The Roman Amphitheatre is a set of ruins from the 1st century, when modern-day Chester was a Roman settlement. The historic site is the largest archaeological discovery of its kind in the country. Today, only a semicircle of the original structure remains, comprising of a central pit and stone walls. Read the informative signs to discover how the site was used for gladiator combats, wrestling and cock fighting.
The site was founded alongside the Roman fort of Deva Victrix inside the city walls. It was originally one of two stone amphitheaters, each with wooden seating. Check out the sheer size of the structure to imagine the importance of this settlement to the Roman Empire. It was abandoned in the 4th century and fell into ruin before its rediscovery as an archaeological relic in 1929.
In its heyday, the amphitheater had a height of 40 feet (12 meters) and a capacity for between 8,000 and 12,000 people. Imagine the structure during an event 2,000 years ago, with bustling stalls, food stands and stables. A network of dungeons stood beside the amphitheater. Some believe that gladiators were chained and tortured for the amusement of spectators, but the exact events and traditions of the Romans at this amphitheater remain a mystery. Much of its material was used to construct the medieval city walls nearby. See the remnants of the shrine to the Roman goddess Nemesis at the northern part of the arena.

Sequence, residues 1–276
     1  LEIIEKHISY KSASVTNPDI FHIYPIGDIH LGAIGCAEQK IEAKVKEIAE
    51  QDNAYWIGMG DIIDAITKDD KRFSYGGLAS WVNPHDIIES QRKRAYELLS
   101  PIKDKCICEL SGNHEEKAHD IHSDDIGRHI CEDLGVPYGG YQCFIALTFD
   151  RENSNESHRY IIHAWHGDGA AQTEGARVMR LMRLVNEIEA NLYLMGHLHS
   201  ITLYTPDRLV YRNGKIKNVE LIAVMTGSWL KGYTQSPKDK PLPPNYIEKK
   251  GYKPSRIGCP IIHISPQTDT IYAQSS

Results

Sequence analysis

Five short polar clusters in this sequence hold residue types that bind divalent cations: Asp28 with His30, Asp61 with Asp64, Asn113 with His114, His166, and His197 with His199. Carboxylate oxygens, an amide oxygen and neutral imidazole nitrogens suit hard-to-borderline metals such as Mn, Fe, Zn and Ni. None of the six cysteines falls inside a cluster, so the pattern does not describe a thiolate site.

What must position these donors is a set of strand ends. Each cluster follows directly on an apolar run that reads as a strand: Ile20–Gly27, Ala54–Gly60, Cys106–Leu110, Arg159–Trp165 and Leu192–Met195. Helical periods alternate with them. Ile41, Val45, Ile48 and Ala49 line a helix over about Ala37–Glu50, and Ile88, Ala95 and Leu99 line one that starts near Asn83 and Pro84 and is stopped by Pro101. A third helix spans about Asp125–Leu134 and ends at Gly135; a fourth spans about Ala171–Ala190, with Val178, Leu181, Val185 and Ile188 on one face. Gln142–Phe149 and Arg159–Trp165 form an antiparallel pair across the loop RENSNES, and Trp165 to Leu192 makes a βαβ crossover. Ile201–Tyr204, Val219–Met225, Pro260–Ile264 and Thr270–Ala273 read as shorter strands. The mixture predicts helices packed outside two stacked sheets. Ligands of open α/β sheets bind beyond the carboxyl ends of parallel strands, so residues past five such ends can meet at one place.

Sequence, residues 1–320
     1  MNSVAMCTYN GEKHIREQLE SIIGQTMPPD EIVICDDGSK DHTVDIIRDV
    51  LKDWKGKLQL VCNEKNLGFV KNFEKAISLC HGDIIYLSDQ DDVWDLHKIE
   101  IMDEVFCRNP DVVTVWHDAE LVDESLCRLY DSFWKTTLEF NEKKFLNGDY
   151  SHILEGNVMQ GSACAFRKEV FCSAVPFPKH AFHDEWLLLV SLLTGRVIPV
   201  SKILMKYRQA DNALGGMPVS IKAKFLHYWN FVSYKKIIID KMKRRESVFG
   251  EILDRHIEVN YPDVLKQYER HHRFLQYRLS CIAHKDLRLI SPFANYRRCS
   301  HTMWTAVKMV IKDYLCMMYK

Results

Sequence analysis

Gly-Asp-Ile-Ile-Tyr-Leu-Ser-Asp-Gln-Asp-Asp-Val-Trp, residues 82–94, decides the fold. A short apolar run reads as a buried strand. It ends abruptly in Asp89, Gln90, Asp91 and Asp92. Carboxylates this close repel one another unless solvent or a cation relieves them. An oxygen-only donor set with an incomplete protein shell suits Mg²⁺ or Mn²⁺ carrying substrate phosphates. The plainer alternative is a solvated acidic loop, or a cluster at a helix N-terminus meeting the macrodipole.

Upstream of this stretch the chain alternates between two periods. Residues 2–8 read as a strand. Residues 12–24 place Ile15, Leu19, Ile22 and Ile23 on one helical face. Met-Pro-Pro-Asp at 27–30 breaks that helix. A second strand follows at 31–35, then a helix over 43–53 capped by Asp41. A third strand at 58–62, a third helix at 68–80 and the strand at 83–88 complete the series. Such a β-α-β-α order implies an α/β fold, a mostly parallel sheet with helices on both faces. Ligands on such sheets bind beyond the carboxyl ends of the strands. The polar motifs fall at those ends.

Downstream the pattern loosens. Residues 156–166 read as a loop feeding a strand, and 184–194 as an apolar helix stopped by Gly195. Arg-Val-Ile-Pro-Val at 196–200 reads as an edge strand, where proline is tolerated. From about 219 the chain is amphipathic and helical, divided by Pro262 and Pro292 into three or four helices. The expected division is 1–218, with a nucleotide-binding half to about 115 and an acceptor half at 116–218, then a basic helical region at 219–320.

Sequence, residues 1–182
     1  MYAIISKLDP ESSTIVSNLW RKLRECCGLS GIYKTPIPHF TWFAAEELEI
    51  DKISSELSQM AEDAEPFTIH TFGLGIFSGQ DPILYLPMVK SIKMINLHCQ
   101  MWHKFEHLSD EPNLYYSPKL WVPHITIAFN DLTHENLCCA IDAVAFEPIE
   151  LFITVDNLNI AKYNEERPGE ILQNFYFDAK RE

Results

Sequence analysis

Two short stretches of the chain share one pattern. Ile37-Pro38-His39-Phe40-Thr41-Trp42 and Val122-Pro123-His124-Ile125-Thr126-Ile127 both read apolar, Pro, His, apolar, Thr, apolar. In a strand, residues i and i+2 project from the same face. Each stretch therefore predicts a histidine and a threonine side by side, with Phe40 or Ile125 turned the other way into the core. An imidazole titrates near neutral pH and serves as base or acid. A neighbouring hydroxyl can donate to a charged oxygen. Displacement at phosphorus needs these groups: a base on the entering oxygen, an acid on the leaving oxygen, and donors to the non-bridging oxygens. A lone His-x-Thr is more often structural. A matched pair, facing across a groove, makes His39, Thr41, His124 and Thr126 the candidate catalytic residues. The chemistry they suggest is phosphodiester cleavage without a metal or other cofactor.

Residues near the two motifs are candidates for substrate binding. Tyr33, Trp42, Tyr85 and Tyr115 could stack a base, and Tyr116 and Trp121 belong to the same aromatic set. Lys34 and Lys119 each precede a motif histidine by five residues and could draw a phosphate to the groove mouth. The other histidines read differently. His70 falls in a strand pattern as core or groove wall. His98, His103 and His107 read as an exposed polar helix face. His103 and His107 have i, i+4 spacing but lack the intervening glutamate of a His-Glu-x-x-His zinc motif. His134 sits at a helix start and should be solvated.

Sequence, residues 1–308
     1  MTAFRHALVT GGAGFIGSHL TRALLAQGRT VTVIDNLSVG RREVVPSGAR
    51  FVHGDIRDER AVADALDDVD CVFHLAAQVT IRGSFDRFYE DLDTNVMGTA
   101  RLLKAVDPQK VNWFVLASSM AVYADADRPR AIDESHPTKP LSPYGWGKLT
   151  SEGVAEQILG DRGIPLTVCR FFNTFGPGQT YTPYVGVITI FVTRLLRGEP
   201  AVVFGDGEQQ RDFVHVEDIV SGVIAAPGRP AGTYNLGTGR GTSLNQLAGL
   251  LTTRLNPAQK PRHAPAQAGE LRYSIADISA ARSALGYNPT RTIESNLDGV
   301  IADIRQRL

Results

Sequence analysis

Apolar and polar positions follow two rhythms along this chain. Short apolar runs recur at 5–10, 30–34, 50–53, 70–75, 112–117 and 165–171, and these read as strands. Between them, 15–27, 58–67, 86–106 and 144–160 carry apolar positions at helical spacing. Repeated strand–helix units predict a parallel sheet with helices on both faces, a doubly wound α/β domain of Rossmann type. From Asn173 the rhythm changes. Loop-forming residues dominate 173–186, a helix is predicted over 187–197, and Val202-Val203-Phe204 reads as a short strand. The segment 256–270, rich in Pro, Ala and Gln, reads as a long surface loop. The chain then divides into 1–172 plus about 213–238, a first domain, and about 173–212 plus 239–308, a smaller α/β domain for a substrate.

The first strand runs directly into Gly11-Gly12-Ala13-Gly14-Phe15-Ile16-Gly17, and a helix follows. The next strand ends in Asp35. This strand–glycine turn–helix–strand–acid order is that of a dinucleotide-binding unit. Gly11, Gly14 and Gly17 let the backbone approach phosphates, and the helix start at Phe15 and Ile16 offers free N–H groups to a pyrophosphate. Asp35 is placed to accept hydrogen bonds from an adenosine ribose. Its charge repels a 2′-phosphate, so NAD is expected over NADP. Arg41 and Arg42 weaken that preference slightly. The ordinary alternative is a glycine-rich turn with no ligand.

Marvel at the optical illusion mural that gives visitors an impression of how the amphitheater would have looked at its peak.
Visit the ruins for free during daylight hours. The Roman Amphitheatre is located to the east of the Chester City Walls in the center of the city. Walk north for 5 minutes from the River Dee. Visit nearby landmarks, such as Grosvenor Park, the Wesley Church Centre and Chester Roman Gardens.